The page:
Yes, I know, I only planned two parts to this series but I have to admit that it's something that really interests me and I'm passionate about and I do keep finding more interesting posts to highlight. In that spirit, I hearby declare this series open-ended.
Once again, as Daniel Lemire so aptly puts it, Blogging is really part of our day jobs!:
I decided to copy Daniel Tunkelang’s idea and maintain a list of some people who read my blog. This is not meant to be an ego-boosting or name-dropping project. My goal is to prove that blogging is a serious business. Blogging is part of my day job! Indeed, this list proves that professional networking results from my blog.
Don't worry, I'm not tempted to start a similar list for this blog. But it you want to unlurk or declare yourself a scitech liblog reader, feel free to do so in the comments.
And speaking of students, I believe that blogging has a lot of benefits for building reputation at the very outset of a career, as it can really help to distinguish one candidate from another. In other words: Blogs as E-portfolios: Better for the Students, Cheaper for the .edu.
The original idea of an e-portfolio was to help students keep a record of the work they did. This was intended to help them learn and show progress (the faculty and institution value) and get a job (the student's value). While there is some tension between the faculty and the students with their respective values, both are good simple goals.
Companies were set up to build technology to facilitate this collection and distribution of information, but times changed and new methods have become clear, easier, more effective, and cheaper.
Blogs are a much better way to go.
A simple rule of thumb: it's not an e-portfolio if Google can't find it. (emphasis added)
There's lots of good stuff about the benefits of blogging for students as well as some discussion of possible drawbacks.
When it all comes down to it, this is all really about something called a Personal Marketing Plan. From an academia point of view, putting it that way can seem a bit crass and distasteful. On the other hand, it's also a reality that academia is about reputation and reputation management. And that's what marketing is about too.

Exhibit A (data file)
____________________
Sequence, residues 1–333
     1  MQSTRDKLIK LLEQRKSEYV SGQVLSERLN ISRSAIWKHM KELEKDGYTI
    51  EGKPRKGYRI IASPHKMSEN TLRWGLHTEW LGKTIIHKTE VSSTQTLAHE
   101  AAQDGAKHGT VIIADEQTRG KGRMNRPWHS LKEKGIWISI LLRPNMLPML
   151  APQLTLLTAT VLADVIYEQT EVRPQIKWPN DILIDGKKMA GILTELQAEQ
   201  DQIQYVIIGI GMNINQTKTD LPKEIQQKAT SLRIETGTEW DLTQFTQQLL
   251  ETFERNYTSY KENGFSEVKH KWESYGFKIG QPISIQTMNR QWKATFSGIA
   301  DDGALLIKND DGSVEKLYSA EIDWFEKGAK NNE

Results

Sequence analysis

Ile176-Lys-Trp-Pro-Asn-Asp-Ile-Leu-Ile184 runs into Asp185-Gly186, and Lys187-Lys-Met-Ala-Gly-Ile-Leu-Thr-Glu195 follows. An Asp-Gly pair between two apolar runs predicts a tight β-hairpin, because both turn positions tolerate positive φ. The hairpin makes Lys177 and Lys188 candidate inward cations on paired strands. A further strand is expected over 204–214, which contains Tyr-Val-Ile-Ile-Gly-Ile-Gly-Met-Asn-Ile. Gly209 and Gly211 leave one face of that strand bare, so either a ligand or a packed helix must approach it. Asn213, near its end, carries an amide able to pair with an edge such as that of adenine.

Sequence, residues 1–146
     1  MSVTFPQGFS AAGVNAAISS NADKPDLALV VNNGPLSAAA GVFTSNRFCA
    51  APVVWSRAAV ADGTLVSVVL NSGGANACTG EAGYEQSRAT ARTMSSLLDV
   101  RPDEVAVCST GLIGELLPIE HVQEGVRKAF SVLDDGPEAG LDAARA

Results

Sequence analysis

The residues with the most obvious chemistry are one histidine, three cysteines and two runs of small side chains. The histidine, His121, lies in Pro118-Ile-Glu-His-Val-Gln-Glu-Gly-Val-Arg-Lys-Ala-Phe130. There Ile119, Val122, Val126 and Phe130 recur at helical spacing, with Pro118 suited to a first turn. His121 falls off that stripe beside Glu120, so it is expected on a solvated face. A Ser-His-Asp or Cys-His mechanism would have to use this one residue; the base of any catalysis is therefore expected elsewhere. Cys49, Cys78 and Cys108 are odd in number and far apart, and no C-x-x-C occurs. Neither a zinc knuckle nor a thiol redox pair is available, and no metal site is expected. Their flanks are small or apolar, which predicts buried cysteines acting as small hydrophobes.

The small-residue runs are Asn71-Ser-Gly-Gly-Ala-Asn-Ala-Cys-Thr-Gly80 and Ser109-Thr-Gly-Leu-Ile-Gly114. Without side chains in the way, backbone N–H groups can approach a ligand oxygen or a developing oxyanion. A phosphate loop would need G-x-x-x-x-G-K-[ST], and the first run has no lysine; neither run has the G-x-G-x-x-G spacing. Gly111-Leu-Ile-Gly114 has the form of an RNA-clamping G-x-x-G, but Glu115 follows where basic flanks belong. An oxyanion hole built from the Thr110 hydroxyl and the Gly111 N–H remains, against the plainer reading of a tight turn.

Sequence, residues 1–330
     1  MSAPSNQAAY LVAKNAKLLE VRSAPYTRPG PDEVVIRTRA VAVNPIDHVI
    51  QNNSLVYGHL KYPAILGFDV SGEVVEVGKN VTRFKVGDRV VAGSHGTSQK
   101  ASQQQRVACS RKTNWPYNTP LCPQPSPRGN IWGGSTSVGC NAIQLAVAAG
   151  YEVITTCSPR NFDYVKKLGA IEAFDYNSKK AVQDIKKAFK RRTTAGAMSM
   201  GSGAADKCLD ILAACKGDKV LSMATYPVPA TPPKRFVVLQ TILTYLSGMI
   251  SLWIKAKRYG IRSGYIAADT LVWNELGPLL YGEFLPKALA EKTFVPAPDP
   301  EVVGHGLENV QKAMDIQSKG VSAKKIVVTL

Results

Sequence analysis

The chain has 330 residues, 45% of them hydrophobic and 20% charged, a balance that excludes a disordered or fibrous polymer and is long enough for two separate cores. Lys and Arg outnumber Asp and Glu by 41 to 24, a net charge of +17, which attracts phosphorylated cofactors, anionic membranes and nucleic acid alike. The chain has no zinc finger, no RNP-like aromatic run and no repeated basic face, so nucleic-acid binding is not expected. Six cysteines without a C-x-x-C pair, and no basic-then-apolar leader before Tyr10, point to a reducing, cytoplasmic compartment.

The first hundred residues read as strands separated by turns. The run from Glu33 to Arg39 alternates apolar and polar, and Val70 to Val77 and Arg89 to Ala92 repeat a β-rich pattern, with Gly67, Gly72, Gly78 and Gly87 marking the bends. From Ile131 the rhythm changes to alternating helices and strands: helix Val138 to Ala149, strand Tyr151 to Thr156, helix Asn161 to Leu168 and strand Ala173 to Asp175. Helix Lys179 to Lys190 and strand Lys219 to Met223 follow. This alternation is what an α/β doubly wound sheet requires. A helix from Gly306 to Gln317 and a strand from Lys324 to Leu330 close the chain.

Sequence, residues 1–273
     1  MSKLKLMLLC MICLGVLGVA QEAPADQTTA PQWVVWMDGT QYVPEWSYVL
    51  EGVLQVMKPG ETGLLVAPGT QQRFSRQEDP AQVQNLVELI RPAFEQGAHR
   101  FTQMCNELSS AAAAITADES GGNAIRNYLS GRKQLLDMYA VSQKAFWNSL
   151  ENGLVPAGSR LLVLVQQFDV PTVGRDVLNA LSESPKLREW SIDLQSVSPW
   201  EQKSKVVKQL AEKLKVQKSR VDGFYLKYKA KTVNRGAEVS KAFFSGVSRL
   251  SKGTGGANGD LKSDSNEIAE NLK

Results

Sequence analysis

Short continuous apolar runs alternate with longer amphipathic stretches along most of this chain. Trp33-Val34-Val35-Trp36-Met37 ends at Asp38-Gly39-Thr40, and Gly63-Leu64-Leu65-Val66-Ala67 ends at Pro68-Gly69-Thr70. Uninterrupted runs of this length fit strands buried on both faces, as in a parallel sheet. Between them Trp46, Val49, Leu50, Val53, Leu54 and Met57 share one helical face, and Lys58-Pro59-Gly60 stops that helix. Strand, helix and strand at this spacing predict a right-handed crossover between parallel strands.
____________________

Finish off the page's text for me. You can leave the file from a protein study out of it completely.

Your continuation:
Some think marketing yourself is what you do when you need a new job, but in fact that’s not the case at all - it’s actually about having a voice in our industry, creating a name and reputation for yourself, and shaping the future. Also, there is a symbiotic relationship between any company you work for and your personal brand. Smart companies embrace this behavior because they understand the value in nurturing talent. Ideally, all parties win.
Take on marketing yourself as your personal challenge and an ongoing project with no end date. If you were an interior designer, would you hire someone else to furnish your house? I doubt it, what would that say about your skills as a designer? An interior designer’s proudest work should be their own interior, just as you should be your own personal case study of success.
This post is generally excellent and I think well worth reading in its entirety and I think the final point is a very powerful one:
The real trick isn’t to make it about you
Here’s a hint: market others, share their content, put them in the spotlight - don’t even worry about directly promoting yourself. The smartest way to market yourself is actually to make it not about you.
It's our passion for our profession that builds our reputation, not the other way around.